Google has released a major rewrite of its algorithm. For the past twelve to fifteen years, everything that you see on Google is actually powered at the back end by roughly the same code. While there are many different parts that have been swapped out, improved and upgraded throughout the years, in particular Penguin and Panda, the bedrock of Google’s search technology is quite old. Just like with any old machinery, eventually, the owner is going to have to improve it and come up with something drastically better in order to stay competitive, and this is precisely what Google has done with the Hummingbird algorithm roll out.
In a recent announcement, Google has made it clear that they have rewritten their search algorithm to make it faster and more accurate. Just like with previous Google releases, the name gives you some clues as to what the point of the algorithm is about. It’s all about speed and lightness. The hummingbird is very fast and it has one of the highest wing beats per minute among birds and it’s also very light. This makes a lot of sense because when you have millions upon millions of people searching several times a day on your system, it can impact your software as well as your hardware infrastructure. These are the core values that Hummingbird represents in our estimation.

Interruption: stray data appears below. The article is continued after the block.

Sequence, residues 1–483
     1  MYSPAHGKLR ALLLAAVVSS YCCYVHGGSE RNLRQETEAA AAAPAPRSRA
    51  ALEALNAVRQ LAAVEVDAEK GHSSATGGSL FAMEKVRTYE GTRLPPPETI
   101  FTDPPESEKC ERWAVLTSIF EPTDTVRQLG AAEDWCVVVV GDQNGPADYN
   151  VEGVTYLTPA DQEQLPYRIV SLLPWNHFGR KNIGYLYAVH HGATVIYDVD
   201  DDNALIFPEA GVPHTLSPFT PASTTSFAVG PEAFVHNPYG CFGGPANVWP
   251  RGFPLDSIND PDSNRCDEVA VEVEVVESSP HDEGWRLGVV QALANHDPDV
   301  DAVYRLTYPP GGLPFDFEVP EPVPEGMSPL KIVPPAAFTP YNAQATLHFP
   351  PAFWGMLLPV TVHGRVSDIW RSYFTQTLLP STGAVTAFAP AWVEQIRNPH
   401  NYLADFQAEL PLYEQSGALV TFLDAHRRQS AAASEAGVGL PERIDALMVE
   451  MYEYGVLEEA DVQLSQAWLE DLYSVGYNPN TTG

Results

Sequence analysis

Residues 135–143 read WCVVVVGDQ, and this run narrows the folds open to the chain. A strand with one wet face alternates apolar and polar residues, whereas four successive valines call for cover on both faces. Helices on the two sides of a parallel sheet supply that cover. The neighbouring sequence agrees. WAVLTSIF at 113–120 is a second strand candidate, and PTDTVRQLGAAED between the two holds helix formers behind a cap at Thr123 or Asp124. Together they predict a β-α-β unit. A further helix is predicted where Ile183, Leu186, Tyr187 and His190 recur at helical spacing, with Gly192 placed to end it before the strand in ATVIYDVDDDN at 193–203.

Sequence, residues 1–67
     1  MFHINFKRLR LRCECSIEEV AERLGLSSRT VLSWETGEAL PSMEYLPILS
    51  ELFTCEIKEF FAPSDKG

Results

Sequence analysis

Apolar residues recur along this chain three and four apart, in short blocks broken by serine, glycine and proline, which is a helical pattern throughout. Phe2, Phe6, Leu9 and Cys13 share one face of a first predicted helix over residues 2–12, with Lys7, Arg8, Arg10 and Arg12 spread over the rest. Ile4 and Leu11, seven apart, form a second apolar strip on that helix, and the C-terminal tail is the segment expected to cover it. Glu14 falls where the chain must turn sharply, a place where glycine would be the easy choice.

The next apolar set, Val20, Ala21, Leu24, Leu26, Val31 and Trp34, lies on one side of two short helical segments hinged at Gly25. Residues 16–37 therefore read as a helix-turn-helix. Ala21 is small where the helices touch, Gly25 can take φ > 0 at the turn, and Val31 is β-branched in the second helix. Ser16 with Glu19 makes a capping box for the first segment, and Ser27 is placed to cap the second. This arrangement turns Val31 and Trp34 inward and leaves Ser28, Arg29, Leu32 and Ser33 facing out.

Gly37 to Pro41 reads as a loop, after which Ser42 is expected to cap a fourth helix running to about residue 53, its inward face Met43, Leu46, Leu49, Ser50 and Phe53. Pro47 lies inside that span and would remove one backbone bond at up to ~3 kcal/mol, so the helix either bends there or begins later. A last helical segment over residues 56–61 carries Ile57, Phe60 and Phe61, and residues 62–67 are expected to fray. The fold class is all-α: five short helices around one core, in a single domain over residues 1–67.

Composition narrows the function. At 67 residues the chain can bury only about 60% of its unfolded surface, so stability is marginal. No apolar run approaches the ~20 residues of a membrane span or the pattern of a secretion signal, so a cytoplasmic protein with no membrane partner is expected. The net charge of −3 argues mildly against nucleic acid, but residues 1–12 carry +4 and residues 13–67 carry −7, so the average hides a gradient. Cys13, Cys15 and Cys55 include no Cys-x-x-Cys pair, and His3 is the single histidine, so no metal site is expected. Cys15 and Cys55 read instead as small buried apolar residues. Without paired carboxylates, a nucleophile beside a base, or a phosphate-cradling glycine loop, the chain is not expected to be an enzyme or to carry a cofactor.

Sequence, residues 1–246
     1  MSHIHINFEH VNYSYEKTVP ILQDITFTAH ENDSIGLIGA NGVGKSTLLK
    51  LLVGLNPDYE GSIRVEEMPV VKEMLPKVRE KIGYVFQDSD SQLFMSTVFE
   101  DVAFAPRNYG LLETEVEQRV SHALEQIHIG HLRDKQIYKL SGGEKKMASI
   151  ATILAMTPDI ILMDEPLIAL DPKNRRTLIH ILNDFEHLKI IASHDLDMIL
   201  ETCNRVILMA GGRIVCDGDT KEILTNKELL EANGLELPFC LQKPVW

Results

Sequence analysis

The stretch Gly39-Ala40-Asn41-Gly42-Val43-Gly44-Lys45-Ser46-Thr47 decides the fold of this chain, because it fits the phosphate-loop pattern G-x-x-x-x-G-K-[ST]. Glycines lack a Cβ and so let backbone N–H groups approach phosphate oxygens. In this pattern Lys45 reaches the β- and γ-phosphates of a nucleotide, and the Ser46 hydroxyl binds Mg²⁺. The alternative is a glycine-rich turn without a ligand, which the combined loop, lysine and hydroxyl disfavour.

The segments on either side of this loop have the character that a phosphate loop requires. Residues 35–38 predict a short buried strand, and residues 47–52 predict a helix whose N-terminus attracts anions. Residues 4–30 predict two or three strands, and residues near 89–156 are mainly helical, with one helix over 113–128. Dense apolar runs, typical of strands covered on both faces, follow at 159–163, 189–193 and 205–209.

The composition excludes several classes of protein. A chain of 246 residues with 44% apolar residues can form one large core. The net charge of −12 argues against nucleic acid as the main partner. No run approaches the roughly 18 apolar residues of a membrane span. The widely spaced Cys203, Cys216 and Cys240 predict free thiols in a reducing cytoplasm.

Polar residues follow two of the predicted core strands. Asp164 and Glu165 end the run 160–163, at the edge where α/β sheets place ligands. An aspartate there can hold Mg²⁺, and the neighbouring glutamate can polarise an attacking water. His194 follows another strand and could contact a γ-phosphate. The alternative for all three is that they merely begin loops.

It makes a lot of sense because you wouldn’t want to continue operations using software that was designed to run ideally on a hardware infrastructure that’s fifteen years old. It makes a lot of sense for Google to roll this out and it should be very interesting how it would impact rankings. Our good impression is that it won’t impact rankings much because the ranking algorithms usually have something to do with preventing spam and more importantly, Hummingbird is really more about improving the user experience by making Google faster, more scalable and more future-proof. It remains to be seen whether Hummingbird will keep Google Nimble for the next fifteen years.